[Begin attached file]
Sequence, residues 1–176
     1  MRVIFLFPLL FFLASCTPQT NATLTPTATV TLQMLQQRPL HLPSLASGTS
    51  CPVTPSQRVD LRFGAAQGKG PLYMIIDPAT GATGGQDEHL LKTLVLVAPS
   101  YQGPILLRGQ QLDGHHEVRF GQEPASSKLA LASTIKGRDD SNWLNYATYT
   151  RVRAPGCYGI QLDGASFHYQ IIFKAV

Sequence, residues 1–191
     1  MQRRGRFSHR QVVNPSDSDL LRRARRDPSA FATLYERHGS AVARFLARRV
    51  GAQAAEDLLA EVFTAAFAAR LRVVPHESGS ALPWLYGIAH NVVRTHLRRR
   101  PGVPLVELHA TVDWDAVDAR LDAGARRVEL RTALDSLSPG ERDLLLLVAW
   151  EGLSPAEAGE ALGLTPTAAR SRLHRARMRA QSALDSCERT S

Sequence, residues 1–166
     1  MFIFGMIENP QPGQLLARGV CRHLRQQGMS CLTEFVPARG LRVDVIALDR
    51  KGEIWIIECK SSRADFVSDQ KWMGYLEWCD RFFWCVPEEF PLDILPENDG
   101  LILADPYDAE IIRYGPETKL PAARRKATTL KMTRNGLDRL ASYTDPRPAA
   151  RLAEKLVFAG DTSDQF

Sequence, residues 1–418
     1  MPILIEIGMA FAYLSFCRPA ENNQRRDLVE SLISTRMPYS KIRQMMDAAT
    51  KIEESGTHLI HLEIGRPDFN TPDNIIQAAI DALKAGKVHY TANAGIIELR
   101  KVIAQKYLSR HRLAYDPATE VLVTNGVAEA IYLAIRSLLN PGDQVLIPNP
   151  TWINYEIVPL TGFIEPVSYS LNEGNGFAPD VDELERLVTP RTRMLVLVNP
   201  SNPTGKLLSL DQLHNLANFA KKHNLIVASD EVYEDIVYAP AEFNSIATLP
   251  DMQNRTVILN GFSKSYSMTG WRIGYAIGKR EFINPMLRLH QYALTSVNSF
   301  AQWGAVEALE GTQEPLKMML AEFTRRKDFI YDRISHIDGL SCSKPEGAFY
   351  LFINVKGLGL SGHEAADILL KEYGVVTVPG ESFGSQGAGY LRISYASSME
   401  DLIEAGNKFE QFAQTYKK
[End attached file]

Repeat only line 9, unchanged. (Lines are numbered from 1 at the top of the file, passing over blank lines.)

   101  PGVPLVELHA TVDWDAVDAR LDAGARRVEL RTALDSLSPG ERDLLLLVAW